There’s a whole lot of poetry going on in Orange County and to the
untrained eye and ear, well, the verse just passes them by, and they’re
missing yet another art form prolific in Laguna Beach.
Gone are the days of the stereotypical poet rhyming their words or
reading poetry from the words of great poets past. A new breed of poets
has replaced the stodgy stereotype. And these poets aren’t the meek,
mild-mannered archetype. They have morphed into a more gregarious being.
It’s poetry turbo-style. There’s a whole new generation of poets.
Though poetry has always been an oral art form, and perhaps goes back
to the first grunting cave man who had a way with words, poet John
Gardiner explains that the timeless art has been changing, even as it
maintains its initial purpose.
“Poetry asks you to use your imagination to explore metaphors to
expand your imagination,” Gardiner said. “If it works it is a good poem
and if it doesn’t it falls into the gigantic category of 99%, which most
fall into. Which to me is one of the saddest words in the English
language. It means you did enough but not any more.”
The Pale Ale Poets, a group of local poets started by Gardiner in
Laguna Beach, exemplifies this pattern of change.
Born at Fahrenheit 451 Bookstore in May 1997, the group staged
readings there for a year and a half. When the bookstore closed at the
end of August 1998, they moved to Laguna Beach Brewing Company the
The Pale Ale Poets will be putting a fifth candle on their birthday
cake at 8 p.m. Thursday at the reading. The name came after the move to
the pub. Before, the readings had gone on without such a title.
Laguna remains at the heart of the whole burgeoning Orange County
poetry scene, which found its genesis here.
“There’s something about the ambience, the mystique of Laguna Beach,
which predestined the whole start of a vibrant, creative poetry
Movement,” said Lee Mallory, a Newport resident who is part of the Laguna
Beach poetry scene.
Having a poetry reading at a bar added a new flavor to the poetry
Gardiner also instigated new paths by creating in Laguna the county’s
first regular poetry SLAM, a competitive poetry contest.
“SLAM poetry gets your attention,” he said. “It makes you shut up and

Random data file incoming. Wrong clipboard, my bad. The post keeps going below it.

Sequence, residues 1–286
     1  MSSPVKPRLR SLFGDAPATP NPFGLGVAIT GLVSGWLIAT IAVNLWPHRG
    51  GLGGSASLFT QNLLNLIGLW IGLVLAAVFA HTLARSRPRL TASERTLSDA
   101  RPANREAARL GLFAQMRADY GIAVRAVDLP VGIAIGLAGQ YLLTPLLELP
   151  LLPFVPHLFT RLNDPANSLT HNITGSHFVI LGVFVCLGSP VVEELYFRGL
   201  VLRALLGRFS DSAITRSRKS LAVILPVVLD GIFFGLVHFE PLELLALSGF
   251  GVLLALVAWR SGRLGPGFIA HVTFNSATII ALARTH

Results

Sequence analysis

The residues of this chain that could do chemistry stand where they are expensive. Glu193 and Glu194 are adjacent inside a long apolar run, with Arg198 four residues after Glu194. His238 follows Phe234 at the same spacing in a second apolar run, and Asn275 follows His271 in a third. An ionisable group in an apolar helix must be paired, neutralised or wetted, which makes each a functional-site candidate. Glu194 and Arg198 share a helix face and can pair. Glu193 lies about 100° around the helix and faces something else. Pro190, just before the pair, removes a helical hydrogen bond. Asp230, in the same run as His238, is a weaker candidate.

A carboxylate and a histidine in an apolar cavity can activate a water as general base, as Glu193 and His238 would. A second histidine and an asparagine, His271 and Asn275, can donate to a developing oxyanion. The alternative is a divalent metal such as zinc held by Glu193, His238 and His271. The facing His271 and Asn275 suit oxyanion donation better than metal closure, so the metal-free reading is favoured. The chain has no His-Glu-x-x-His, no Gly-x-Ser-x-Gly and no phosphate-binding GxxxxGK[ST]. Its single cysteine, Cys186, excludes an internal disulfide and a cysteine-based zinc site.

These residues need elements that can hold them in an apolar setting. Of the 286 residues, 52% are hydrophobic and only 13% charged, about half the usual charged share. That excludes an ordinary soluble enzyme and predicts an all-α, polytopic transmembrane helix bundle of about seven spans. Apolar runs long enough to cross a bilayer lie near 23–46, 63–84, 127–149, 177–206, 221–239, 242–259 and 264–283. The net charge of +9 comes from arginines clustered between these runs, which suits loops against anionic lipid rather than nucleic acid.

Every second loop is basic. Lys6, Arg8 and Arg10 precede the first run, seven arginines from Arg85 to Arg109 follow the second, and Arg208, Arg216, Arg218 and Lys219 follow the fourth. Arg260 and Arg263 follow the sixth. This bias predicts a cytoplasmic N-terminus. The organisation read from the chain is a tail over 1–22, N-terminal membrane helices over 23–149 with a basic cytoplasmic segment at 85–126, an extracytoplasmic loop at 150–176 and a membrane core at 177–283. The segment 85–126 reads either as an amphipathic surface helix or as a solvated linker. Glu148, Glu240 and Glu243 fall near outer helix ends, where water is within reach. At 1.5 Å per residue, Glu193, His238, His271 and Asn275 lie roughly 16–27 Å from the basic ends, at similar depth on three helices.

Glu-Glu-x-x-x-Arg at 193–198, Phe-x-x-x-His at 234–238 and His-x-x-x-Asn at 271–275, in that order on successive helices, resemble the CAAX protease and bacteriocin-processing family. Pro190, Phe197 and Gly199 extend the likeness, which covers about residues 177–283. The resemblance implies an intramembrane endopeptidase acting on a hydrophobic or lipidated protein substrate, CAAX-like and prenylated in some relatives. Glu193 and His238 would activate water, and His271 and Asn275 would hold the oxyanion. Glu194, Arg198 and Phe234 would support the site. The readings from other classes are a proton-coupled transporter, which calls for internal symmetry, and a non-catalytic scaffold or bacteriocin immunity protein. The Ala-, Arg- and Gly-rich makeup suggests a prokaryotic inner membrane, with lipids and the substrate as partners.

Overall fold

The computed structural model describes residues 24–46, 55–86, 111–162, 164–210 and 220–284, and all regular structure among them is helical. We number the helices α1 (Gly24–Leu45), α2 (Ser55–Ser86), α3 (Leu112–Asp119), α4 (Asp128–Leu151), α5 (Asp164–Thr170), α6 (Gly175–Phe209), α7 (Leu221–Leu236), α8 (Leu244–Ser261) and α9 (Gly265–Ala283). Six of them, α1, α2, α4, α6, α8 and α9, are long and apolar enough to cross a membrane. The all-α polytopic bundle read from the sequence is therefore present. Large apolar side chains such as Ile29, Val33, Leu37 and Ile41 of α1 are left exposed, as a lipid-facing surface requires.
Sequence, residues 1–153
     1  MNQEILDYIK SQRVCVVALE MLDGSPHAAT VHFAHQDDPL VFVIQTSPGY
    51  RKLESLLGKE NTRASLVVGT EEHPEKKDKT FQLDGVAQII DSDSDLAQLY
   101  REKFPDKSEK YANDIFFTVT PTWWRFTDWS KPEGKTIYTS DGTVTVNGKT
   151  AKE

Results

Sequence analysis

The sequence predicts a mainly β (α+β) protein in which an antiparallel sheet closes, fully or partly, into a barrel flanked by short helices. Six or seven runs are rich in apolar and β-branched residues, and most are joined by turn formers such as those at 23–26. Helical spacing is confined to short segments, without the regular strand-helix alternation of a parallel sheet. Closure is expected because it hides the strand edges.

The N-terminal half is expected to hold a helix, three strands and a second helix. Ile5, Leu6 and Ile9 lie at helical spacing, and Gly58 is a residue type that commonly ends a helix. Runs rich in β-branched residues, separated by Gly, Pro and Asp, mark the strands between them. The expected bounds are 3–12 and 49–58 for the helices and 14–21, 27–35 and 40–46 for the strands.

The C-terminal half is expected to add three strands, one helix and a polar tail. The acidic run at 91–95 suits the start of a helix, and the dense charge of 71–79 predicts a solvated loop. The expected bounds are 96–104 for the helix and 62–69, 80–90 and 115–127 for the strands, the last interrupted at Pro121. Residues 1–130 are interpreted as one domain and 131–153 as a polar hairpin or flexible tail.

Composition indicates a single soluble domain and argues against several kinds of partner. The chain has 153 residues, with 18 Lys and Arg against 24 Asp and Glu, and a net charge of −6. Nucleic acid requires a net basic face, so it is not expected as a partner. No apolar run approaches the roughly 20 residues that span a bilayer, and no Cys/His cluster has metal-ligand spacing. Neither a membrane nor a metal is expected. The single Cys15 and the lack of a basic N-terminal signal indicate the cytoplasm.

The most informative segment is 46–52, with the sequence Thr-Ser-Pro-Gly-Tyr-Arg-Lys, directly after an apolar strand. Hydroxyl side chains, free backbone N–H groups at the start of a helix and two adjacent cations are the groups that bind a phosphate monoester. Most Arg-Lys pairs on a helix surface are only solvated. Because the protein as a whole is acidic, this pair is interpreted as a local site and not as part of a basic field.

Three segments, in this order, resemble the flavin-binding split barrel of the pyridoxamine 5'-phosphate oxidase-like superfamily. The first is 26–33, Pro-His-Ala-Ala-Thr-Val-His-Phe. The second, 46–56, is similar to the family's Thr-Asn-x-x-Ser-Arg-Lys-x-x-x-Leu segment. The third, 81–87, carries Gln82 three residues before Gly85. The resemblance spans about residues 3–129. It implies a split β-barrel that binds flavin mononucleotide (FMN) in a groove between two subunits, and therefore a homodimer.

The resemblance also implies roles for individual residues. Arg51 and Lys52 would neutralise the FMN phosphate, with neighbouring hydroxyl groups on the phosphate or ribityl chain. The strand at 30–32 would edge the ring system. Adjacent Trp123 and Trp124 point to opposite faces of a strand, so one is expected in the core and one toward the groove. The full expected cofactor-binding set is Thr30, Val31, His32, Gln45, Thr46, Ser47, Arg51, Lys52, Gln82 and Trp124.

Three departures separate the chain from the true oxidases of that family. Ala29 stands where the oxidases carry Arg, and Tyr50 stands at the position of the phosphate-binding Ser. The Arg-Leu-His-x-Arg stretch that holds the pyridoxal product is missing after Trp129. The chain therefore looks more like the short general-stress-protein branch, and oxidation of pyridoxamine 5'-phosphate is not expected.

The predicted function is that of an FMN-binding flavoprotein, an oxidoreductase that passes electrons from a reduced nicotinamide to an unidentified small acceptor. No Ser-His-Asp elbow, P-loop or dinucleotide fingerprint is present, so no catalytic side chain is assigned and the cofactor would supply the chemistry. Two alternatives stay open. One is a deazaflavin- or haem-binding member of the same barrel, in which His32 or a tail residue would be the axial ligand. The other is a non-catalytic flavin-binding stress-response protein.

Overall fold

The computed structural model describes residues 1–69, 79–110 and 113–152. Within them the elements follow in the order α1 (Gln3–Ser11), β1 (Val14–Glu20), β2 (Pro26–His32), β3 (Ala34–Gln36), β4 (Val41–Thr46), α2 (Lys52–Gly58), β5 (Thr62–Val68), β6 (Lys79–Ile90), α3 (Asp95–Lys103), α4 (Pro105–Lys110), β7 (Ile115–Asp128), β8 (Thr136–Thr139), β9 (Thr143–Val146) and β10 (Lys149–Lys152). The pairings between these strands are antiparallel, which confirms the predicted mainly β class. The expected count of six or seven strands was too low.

listen. A SLAM poem has an absolutely dramatic purpose and is a dramatic
A good number of poets who started their poetry quest in Laguna have
gone through the competitions.
“I started at the Laguna Beach Brewery, the reading John Gardiner
runs, I wanted to get published and first started competing for the SLAM
team there,” said Paul Suntup.
Two Laguna SLAM teams born at the brewpub competed and won in the
National Championship of Performance Poets in the 1999 and 2000. The
competition was composed of some teams from Europe as well as the 50
states with about 500 people competing.
But the merits of judging poetry in general remain somewhat evasive to
Gardiner in general.
“The point is to have fun. Some people get acting coaches and spend a
lot of time and money working on their poetry performance,” he said. “So
as with any competition human nature comes into play. Poetry is supposed
to be fun.”
The scores also often fail to reflect the quality of the written poem.
“There’s a dichotomy of poetry readings -- the page poets and the
performance poets -- however a poem needs to be able to strand on its own
two legs,” Gardiner said.
SLAM’S origins can be traced back to the beatniks at coffee houses,
bookstores and art galleries in places like San Francisco’s City Lights
Bookstore, where Allen Ginsberg and other poets had readings with a
At next week’s anniversary reading the spirit of change remains alive.
“The feature is Murray and they are a “garage jazz/spoken word band,”’
Gardiner said. “They have a full set up and will be doing spoken word
instead of singing their words.”
The Laguna Poets formed more than 20 years ago in Laguna Beach and are
still California’s longest running weekly poetry series.
“For me, I still consider the Laguna Poets to be my spiritual home. I
started going to their readings on a regular basis about 15 years ago,”
The Laguna Poets meet the first three Friday nights of the month at
Wells Fargo in downtown Laguna.
Beth McIlvine has been coming to Laguna Poets since she was 14 years
“It’s always been a well-known staple in the poetry community and it
still is,” the 22-year-old said. “The Laguna crowd is a more literary and
One poet at the Laguna Poets reading recently summarized the
everlasting impression Laguna has on its community.
“The poem that I am reading is called ‘Carpool Coma’ but it should
have been called, ‘Why did I ever leave Laguna?” said the poet, Diane